23 The Grange and the Railroads
The Interstate Commerce Act: At first, Supreme Court said Federal Government could not regulate trade from state to state So Congress acted: Created Interstate Commerce Act Allowed Fed to control trade by railroad through the states Unfortunately, the act was not well enforced

24 The Grange and the Railroads
Panic and Consolidation: Corruption, mismanagement, overbuilding, and competition pushed many railroads towards bankruptcy The “Panic of 1893”, an economic depression, made things even worse By 1900, just 7 companies controlled 2/3 of the nations railroads

25 Big Business and Labor Section 3

26 Learning Targets I can describe the growth of American business in the late 19th Century I can evaluate how effective American Business policies were

27 Carnegie’s Innovations
1873: Andrew Carnegie visits a British Steel Mill Impressed by Bessemer Process Decides to start his own steel business 1899: The Carnegie Steel Company made more steel than all of Great Britain!

28 Carnegie’s Innovations
New Business Strategies: Make better products, more cheaply Use of machines Better accounting (accurate costs) Encouraged competition amongst assistants Vertical and Horizontal Integration

29 Carnegie’s Innovations
Vertical Integration: Carnegie bought out all of his suppliers Controlled wages, and prices Helped to increase profit Coal, railways, iron mines

30 Carnegie’s Innovations
Horizontal Integration: Carnegie also tried to buy out his competition Those he didn’t buy, he forced out of business Lowered prices enough that competitors couldn’t make it Once competition was limited, his profits increased dramatically

31 Social Darwinism and Business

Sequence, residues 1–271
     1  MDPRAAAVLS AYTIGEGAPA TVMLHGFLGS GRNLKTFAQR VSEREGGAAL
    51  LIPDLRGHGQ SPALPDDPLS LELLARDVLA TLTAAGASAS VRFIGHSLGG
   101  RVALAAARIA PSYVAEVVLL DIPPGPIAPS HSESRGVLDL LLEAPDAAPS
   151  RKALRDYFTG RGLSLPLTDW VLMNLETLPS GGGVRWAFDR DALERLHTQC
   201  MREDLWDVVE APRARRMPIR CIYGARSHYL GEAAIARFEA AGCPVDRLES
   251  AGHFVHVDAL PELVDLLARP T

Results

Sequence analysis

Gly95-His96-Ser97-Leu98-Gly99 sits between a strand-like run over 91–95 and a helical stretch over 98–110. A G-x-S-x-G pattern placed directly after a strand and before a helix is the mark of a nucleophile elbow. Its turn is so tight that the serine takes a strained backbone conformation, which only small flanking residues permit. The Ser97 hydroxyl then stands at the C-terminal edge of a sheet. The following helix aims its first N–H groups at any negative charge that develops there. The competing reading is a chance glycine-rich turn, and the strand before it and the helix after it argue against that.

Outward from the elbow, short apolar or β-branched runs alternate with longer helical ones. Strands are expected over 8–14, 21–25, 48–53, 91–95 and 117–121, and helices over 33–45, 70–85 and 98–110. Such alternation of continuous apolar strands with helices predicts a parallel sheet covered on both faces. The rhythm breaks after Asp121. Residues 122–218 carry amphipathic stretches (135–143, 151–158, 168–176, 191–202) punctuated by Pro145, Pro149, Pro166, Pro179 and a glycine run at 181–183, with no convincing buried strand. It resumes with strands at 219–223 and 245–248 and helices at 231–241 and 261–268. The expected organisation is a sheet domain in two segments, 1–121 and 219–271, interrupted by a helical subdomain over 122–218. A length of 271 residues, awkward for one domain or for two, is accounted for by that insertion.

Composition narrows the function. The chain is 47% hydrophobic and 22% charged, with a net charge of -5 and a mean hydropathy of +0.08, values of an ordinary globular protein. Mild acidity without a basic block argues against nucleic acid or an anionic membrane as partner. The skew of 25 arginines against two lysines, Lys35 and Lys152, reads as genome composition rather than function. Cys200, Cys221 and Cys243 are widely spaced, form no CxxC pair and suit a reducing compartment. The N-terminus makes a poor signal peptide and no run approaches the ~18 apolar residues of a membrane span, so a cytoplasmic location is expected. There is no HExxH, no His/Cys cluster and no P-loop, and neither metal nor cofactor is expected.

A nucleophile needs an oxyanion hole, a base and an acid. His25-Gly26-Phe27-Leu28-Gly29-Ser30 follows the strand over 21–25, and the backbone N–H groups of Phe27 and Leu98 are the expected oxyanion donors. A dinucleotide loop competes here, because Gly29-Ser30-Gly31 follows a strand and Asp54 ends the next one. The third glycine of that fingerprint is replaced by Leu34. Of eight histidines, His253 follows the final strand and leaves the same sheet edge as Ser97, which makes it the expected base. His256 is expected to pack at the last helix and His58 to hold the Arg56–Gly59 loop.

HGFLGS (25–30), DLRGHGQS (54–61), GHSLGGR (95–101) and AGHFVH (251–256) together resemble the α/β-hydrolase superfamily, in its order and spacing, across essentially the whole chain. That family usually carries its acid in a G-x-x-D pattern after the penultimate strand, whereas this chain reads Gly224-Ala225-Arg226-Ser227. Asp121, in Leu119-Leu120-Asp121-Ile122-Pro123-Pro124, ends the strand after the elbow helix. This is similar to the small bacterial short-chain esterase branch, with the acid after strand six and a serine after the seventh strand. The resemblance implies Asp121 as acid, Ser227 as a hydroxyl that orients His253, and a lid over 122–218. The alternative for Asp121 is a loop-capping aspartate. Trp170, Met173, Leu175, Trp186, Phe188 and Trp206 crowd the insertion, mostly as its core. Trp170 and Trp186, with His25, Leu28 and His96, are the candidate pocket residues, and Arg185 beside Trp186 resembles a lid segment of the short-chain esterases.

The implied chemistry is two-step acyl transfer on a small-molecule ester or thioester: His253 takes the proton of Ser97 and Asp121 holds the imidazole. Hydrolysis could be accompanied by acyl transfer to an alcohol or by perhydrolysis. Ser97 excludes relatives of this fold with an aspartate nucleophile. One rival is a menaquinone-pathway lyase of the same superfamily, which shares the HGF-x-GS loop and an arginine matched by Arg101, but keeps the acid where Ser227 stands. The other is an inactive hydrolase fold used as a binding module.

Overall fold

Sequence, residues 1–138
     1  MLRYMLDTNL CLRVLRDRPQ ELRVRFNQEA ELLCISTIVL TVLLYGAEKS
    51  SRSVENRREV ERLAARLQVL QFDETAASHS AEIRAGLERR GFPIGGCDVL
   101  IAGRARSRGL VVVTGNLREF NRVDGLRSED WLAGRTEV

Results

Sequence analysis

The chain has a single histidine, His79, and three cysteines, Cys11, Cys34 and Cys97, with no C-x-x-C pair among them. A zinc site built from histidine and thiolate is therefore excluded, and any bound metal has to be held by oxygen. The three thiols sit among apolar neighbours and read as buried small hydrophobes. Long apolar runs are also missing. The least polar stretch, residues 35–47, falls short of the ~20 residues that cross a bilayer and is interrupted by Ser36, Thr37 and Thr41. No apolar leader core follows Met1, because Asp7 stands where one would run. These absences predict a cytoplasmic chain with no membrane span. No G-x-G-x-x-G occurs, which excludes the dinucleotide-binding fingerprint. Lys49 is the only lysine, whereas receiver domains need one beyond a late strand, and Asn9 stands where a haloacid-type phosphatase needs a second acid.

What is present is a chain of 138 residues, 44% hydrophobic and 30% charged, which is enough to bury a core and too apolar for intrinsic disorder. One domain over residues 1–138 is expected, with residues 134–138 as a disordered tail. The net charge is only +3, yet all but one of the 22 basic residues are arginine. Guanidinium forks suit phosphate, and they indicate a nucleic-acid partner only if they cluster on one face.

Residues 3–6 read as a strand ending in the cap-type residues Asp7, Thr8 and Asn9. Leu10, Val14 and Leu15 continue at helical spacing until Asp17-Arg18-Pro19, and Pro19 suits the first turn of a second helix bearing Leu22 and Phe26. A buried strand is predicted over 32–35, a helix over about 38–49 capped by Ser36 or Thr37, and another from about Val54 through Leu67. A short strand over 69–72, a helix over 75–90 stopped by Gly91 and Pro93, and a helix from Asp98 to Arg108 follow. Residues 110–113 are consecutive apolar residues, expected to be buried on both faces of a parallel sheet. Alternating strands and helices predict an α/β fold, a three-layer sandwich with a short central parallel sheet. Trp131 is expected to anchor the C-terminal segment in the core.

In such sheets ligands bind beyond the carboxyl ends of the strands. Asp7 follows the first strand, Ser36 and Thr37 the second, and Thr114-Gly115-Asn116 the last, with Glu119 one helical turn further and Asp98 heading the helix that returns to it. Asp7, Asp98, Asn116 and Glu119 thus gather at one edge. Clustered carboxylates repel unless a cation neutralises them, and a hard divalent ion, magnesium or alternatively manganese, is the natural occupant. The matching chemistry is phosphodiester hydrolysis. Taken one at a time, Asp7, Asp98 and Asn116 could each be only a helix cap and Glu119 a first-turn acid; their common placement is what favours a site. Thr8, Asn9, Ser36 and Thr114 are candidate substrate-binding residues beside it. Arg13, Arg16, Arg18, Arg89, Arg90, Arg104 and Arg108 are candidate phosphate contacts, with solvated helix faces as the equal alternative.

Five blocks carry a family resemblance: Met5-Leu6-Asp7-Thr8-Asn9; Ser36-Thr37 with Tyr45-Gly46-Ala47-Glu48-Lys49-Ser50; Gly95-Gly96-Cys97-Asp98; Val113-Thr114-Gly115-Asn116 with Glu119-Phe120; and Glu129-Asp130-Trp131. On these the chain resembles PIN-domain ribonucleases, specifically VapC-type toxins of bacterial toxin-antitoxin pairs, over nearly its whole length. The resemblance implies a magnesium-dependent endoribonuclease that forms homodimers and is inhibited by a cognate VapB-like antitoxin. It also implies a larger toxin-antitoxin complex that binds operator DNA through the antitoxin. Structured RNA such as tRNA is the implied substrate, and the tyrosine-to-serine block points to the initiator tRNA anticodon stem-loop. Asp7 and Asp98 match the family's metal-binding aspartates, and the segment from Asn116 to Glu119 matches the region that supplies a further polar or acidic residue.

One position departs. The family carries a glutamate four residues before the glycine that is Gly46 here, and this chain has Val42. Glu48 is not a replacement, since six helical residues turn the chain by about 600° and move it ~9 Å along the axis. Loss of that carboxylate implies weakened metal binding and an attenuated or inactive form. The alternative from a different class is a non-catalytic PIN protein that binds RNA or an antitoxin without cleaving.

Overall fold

Charles Darwin Was a biologist who created theory of evolution and survival of fittest Darwin’s theories were applied to society Social Darwinism If you made good products at a reasonable price, you would succeed If you didn’t do this, you would fail

32 Social Darwinism and Business
Principles of Social Darwinism: Natural Selection Businesses with the strongest traits would survive Businesses with weaker traits would not The government should not interfere In time, only the strong would pass on its ideas to the next business

33 Social Darwinism and Business
A New Definition of Success: 4,000 new millionaires after the Civil War! Social Darwinism supported Protestant ideas of work ethic And that riches were a sign of God’s favor The poor must be lazy!

34 Fewer Controlled More Growth and Competition:
As companies grew, many tried to limit their competition Went against natural laws of Social Darwinism Tried Horizontal Integration (controlled competition) in the form of mergers Buying out stock of competition Holding Companies Job was to buy stock of competition!

35 Fewer Controlled More Growth and Consolidation: John D. Rockefeller
Oil Tycoon Used Trusts to control Oil Industry He and other oil companies entered into a trust They would share profits Rockefeller owned most of the trust, and thus had a monopoly on the Oil Industry

36 Fewer Control More Rockefeller and the “Robber Barons”
Many of these successful businessmen became wealthy doing bad things Bought out competitors Paid workers low wages Lowered prices to drive out competition Then raised prices even higher to increase profits! So they gained the title of “robber barons”

37 Fewer Control More Rockefeller and the “Robber Barons”
Despite bad name, they did do some good Rockefeller gave away over $500 million Carnegie gave away 90% of his fortune Their donations have helped fund the education of generations

38 Fewer Control More Sherman Anti-Trust Act
Government was worried there was no longer fair competition So they enacted the Sherman Anti-Trust Act of 1890 Was supposed to make it harder for Rockefeller to form trusts and control an industry In reality, it became very hard to enforce! Rockefeller and others found ways around the law

39 Fewer Control More Business Boom Bypasses the South:
The North continued to prosper Strong industry and plentiful resources Controlled the railroads The South: At the mercy of Northern Industries Mostly farming